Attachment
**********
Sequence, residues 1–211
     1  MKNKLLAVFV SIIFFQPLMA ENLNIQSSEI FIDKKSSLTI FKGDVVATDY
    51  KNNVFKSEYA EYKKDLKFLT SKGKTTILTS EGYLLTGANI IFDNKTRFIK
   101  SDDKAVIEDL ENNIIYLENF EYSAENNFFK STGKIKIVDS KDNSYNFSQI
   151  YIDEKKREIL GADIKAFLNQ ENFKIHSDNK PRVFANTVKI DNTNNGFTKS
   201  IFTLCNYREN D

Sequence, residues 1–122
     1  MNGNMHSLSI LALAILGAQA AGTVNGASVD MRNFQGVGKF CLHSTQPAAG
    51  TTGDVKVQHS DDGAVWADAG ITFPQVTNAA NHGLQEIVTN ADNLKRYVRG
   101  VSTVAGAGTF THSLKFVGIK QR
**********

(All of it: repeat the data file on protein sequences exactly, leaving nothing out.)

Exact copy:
Sequence, residues 1–211
     1  MKNKLLAVFV SIIFFQPLMA ENLNIQSSEI FIDKKSSLTI FKGDVVATDY
    51  KNNVFKSEYA EYKKDLKFLT SKGKTTILTS EGYLLTGANI IFDNKTRFIK
   101  SDDKAVIEDL ENNIIYLENF EYSAENNFFK STGKIKIVDS KDNSYNFSQI
   151  YIDEKKREIL GADIKAFLNQ ENFKIHSDNK PRVFANTVKI DNTNNGFTKS
   201  IFTLCNYREN D

Sequence, residues 1–122
     1  MNGNMHSLSI LALAILGAQA AGTVNGASVD MRNFQGVGKF CLHSTQPAAG
    51  TTGDVKVQHS DDGAVWADAG ITFPQVTNAA NHGLQEIVTN ADNLKRYVRG
   101  VSTVAGAGTF THSLKFVGIK QR